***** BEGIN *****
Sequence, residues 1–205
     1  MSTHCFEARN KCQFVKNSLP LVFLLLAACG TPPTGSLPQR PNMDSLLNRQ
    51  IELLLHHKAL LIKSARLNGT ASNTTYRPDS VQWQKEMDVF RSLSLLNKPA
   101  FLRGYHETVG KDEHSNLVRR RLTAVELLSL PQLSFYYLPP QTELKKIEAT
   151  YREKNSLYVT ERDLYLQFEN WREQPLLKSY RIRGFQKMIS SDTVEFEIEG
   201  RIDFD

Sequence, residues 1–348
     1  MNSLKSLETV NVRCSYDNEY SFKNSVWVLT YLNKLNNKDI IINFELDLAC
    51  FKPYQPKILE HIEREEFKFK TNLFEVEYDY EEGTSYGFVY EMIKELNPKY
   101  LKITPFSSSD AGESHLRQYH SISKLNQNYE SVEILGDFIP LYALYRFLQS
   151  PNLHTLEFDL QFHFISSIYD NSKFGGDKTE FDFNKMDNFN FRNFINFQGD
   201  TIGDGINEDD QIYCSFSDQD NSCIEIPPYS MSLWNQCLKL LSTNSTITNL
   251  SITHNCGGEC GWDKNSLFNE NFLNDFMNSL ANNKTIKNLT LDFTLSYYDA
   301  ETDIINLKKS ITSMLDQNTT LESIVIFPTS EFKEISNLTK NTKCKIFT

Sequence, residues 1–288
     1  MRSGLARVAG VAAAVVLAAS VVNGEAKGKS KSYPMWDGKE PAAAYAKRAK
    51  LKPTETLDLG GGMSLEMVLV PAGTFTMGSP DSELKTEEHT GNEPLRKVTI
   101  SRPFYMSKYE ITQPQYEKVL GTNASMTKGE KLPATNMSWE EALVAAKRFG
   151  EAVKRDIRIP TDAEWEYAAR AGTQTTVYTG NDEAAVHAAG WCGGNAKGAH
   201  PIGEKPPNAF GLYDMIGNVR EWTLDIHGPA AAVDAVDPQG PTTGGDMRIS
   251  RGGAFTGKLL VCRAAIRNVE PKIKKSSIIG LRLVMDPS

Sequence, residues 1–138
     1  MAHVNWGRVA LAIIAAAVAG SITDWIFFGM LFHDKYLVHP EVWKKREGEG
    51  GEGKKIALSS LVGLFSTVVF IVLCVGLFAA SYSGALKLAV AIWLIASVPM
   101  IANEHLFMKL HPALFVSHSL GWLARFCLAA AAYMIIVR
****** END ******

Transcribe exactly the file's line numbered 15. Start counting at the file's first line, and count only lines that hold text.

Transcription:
Sequence, residues 1–288